The New Science of COVID-19 Response
This post is based on a presentation given at AIHce EXP 2021 by Steven Lipson. It is the first in the “Essentials of Pandemic Response” series based on AIHA's recently published ebook.
Steven A. Lipson, CIH, CSP, opened his 2021 AIHce EXP presentation—titled “COVID-19 Response: Inventing a New Science”—by narrating what he termed “the story of the red X.” In this story, a plant is shut down due to a noxious odor. The employees on site do not know where the odor is coming from or what may be malfunctioning, and every additional hour that the plant remains shut down costs the owner a great deal of money. A consulting industrial hygienist (IH) is called in, who walks the facility’s floor, sniffs the air, and approaches a panel on a column. The IH marks the panel with a red “X” and informs the manager that the problem will be found behind that panel—and on investigation, the IH turns out to be correct.
Then the IH charges the plant owner $25,000 for a 10-minute visit, explaining on the invoice that while placing a red X on a panel does not take much time, an IH’s expertise is invaluable.
“Indoor air quality,” said Lipson, “is pretty easy most of the time.” He explained that once the source of an IAQ problem is determined, the fix is often simple, involving source removal, the implementation of engineering modifications, or—if the former kinds of remediation aren’t feasible—the use of personal protective equipment (PPE) by exposed workers. But protecting his clients from COVID-19 was different.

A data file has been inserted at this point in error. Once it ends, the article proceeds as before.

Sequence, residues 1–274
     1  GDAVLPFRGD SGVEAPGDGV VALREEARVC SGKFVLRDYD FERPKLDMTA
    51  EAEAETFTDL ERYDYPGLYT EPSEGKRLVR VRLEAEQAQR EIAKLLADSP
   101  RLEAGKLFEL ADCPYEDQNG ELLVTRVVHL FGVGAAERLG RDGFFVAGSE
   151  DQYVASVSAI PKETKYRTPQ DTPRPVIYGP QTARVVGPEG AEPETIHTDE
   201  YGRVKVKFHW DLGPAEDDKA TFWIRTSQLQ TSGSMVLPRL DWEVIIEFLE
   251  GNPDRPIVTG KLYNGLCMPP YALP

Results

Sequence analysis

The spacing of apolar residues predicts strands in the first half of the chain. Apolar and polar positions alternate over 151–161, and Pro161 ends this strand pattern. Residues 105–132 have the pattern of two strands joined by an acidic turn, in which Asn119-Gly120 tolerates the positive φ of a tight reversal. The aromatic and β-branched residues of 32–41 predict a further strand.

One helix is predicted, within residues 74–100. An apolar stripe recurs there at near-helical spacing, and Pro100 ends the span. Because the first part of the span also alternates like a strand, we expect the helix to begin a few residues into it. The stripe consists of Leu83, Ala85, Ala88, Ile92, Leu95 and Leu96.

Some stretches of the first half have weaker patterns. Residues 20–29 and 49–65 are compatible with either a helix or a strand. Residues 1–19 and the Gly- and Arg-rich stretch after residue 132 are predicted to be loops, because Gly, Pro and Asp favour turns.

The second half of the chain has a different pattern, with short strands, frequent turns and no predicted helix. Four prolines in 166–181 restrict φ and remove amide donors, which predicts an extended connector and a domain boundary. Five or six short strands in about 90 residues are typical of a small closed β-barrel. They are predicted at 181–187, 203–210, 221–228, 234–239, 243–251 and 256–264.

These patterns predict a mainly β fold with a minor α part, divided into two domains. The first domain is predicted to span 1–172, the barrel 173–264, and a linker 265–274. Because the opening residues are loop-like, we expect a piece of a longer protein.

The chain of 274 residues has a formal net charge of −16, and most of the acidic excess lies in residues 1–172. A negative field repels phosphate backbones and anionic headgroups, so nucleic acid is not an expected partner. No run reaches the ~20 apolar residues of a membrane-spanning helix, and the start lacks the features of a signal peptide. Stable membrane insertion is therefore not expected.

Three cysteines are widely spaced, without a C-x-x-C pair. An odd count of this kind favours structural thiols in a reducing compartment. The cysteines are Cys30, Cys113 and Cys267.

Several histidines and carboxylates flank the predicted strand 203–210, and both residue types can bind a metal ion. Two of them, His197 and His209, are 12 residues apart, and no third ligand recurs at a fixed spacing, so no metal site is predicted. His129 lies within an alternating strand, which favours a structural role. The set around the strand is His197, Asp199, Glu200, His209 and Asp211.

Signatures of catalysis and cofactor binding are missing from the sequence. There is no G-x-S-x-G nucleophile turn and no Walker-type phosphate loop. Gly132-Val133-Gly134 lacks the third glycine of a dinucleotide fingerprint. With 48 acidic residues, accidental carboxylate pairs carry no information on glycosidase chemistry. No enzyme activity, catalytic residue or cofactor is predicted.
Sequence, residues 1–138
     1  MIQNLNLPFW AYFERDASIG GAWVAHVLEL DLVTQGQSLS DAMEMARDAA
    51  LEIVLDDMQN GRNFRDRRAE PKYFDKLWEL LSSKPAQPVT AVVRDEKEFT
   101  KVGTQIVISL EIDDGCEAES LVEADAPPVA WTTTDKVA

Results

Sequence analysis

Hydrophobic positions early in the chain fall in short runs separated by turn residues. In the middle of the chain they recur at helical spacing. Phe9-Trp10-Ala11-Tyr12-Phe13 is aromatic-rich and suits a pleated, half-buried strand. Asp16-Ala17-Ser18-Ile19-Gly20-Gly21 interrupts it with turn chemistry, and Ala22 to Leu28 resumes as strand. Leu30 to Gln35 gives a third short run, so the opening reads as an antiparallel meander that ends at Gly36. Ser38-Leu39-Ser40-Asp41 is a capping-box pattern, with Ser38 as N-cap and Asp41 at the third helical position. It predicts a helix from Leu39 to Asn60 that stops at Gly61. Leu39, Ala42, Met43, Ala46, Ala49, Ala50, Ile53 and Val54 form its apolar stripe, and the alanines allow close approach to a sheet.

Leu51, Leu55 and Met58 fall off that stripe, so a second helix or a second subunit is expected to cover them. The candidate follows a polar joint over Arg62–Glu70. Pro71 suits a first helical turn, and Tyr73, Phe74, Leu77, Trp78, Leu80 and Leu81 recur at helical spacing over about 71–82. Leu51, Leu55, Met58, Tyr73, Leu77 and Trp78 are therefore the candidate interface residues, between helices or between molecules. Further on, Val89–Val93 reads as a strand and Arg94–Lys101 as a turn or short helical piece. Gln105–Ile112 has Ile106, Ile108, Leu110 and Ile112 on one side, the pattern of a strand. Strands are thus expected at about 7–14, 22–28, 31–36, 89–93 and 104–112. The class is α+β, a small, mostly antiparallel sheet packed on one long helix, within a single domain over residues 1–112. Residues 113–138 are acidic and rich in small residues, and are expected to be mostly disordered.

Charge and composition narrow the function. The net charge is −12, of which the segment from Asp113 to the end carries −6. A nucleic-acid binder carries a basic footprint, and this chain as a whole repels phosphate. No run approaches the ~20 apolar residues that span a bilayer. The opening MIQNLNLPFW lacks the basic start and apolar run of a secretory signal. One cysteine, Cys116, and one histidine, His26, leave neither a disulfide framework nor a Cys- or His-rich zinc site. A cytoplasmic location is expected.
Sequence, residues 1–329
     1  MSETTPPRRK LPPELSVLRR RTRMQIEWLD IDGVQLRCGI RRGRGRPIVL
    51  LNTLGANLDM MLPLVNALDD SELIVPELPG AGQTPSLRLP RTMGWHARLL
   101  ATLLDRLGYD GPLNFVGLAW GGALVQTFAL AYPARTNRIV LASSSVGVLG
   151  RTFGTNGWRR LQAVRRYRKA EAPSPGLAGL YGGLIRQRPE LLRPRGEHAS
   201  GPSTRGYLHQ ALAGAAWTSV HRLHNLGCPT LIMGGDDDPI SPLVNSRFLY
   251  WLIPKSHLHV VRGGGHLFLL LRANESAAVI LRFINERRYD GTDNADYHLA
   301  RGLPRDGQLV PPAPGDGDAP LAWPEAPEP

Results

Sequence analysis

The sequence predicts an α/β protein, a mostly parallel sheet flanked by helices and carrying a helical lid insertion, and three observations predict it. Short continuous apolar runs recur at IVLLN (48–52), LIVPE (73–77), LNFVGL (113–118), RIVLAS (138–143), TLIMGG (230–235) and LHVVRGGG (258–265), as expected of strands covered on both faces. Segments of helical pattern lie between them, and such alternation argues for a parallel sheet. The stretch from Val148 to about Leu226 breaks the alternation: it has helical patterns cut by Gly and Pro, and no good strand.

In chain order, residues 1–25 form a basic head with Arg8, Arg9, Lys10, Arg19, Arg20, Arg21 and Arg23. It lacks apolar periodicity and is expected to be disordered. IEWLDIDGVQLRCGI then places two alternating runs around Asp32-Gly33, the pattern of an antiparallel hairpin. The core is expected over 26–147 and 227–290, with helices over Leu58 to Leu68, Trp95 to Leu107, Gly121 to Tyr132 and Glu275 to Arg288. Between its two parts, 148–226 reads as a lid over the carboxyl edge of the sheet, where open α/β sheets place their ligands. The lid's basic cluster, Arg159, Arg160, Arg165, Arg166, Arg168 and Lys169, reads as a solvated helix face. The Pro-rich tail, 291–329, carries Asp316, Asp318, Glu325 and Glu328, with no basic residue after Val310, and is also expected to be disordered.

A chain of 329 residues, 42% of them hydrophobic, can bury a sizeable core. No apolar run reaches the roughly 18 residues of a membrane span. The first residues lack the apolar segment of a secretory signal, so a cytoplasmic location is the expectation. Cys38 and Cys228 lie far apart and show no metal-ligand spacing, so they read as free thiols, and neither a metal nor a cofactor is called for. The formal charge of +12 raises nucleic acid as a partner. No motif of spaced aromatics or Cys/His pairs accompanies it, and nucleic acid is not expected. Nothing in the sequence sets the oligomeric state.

The goal of the presentation was to inform the audience of the initial response by IHs and others in the occupational and environmental health and safety (OEHS) community to an unknown hazard and how they modified their approaches as new data became available.
The Challenges of a New Hazard
Lipson, a principal scientist with consulting firm NV5 Inc., began to receive calls from clients concerned about COVID-19 in February and March 2020. Initially, he was not sure how his services could help them. In the early days of the pandemic, when much was still unknown about SARS-CoV-2, it seemed to him as if the hazard could not be mitigated using the traditional hierarchy of controls: elimination of the hazard, substitution of the hazard, application of engineering controls, application of administrative controls, and the use of PPE. Solutions relying on elimination or replacement of the source of the virus were difficult to implement because the source was people, including his clients’ employees and customers. At this date, OEHS professionals were not sure what engineering and administrative controls they could recommend that their clients use to effectively control the virus. Information about PPE was conflicting at that time, with CDC cautioning consumers against using disposable face masks and N95 respirators, not because these measures weren’t effective but because supplies were limited and had to be reserved for doctors and healthcare workers.